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Morals, Morass and Morale

Posted by Nancy Weil on October 1, 2013

Is it any wonder that our industry continues to be skewered in the press when we ourselves have witnessed the behavior of some of our colleagues? Guilt by association is not fair, however the broad brush concept holds true in funeral service. I have seen funeral professionals (funeral directors and cemeterians alike) sell products that were not necessary or truly not wanted by the family. The family just assumed they were required to complete the burial. Our role is to guide, to educate and to direct, not to sell a product or service we think the family needs or to meet established sales goals.

  Not long ago a sales person told me that the reason he sells more crypts than graves is because, “the commission is higher.” Ever stretch the truth when it comes to the overall cost of options, perhaps exaggerating the cost of a monument to make the crypt seem like a bargain? Yep, I’ve seen that as well. Today’s families are consumers and they are bringing their buying habits into our industry and we have to be prepared. It is not always “about the money.” People want and need to see and receive value for the products and services they receive. If we fail to deliver we have not only let that family down, we have influenced future funeral decisions within that family as well.

  Bad press? Magazine articles reporting that we, as an industry, are money-grabbing-no-good-hooligans? Newspapers, radio and TV have focused on the dark side of our industry; yes there are a few funeral professionals who made inappropriate decisions that have reflected poorly on the majority of us who are caring, conscientious professionals. It is your/my responsibility to create positive press. Get your annual memorial and remembrance services into the news. Take the time to speak and meet with those of influence within your community. We assume they know what we do and why we do it. Let them spread the good word on your behalf. No longer can we let anyone assume anything about our industry. Get out and tell your story!

  My grandmother used to drill into me when I was a little girl that the only thing that mattered was my good name and that I was to protect it at all costs. Anything I did also reflected upon the family name. Good advice for me, better advice for our industry. We must work diligently to deal honestly with our clients. Character counts. Morals are a must. If you always deliver more than what was expected by the families you serve, your business will only grow.

  Yet, with the rise of cremation, we are thrown into an unknown morass of unknowns. What was once simple and traditional is now open to interpretation. In the past a family came into your office listened to what you had to say and selected what was important to them. Today they walk into your office and tell you what they and you are going to do. Do you listen with an open mind or do you become defensive? Do you just blurt out NO! and return to your old ways? Or do you listen, compromise and deliver the memorable service they were looking for? Zig Ziglar, a recognized leader in the world of sales, was once quoted “If you always do what you have always done, you will always get what you always got.” No longer true in our industry and/or any industry, let alone in life. The word adaptability should be plastered everywhere.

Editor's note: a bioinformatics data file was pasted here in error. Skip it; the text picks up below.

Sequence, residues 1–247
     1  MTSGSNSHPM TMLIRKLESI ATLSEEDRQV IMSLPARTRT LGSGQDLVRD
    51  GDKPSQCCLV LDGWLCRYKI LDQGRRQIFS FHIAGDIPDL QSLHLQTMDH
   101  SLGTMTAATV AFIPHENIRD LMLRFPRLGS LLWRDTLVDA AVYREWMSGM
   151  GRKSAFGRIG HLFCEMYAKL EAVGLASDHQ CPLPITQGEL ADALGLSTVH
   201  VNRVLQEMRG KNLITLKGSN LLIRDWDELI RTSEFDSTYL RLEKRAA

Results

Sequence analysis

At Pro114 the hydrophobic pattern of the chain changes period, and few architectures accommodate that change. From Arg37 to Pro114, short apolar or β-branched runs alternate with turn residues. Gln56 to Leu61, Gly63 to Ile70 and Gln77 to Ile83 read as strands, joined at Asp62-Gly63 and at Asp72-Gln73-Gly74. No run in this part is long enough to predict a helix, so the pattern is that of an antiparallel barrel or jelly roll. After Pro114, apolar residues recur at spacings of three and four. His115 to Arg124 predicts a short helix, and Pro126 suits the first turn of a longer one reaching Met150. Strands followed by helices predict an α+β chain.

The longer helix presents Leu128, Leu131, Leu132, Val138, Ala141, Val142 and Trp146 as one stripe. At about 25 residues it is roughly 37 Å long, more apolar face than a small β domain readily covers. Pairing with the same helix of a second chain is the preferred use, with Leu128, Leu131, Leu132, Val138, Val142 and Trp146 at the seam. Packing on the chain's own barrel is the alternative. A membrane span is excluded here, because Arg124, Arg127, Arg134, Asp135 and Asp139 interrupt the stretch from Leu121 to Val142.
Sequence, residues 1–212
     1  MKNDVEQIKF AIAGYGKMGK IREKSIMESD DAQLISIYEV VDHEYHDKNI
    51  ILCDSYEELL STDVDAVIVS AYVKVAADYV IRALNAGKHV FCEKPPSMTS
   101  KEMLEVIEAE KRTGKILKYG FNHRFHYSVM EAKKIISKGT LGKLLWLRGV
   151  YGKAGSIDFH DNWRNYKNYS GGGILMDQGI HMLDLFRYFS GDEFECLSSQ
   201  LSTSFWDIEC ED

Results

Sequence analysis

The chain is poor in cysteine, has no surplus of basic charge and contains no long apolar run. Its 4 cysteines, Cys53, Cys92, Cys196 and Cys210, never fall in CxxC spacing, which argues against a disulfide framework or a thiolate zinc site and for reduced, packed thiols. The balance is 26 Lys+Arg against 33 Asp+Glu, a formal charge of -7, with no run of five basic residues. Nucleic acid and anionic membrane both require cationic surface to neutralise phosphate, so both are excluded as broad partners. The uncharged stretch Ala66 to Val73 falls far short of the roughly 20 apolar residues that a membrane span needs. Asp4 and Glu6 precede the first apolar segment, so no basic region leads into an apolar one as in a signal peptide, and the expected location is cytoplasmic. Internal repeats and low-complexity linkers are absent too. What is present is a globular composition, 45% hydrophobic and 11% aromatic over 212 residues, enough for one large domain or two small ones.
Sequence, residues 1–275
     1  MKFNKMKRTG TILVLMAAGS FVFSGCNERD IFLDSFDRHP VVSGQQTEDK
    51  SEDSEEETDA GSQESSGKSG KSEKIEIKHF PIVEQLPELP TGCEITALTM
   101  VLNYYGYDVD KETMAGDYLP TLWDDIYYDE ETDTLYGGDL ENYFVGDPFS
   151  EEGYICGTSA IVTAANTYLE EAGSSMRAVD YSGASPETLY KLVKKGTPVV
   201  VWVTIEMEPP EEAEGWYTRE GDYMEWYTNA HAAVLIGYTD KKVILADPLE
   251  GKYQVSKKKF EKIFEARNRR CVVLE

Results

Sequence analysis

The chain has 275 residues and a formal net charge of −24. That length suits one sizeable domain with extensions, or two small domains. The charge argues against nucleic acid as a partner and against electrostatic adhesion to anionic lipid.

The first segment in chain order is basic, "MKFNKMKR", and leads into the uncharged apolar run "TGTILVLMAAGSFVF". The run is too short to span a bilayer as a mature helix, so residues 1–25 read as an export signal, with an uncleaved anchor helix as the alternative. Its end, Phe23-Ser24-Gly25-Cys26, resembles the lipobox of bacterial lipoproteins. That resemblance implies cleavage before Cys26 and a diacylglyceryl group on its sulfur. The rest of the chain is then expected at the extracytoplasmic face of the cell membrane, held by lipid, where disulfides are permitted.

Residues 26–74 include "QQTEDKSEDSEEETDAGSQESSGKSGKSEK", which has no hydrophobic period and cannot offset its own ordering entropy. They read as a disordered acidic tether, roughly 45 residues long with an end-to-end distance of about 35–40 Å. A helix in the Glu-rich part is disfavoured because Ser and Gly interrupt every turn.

By doing what is right, every time; by being compassionate, yet professional; by honoring the deceased and comforting the living, we bring respect to our industry and pride within ourselves. We also raise morale at our business and create a work environment that is above reproach. Morale comes from doing our job well, not feeling like we are being pitted against one another, and going home each day satisfied that we have helped someone through our efforts. Morale stems from a mutually supportive environment where you know your co-workers are there to lend a hand. Morale comes from unexpected praise, unsolicited thanks and undeniable commitment to the job. Morale is created through effort and a plan. It is what makes the job more than a job. It makes the business feel like home. It creates friendships, forms bonds and allows each individual to thrive and expand their capabilities in a supportive environment.

  Every business needs to look at where they stand in these three key areas. Have you conducted a morality check at your office? Are expectations clearly communicated? Are customers being treated fairly all the time? Are policies in place to enforce honest interaction with clients and one another? Do these same policies cover confusing situations that may occur with the changes in societal norms? Is the staff trained how to handle the unusual request or situation? Most of all, do they love showing up to work? Do they feel like they are in a supportive, safe environment? Do they feel like they can make a difference through their efforts and feel proud of a job well done? If you can answer “yes” to the questions above, you are to be commended for being one who brings honor to our industry. May every funeral home and cemetery join in so that no news outlets can cast dispersions on our integrity, values or commitment ever again.



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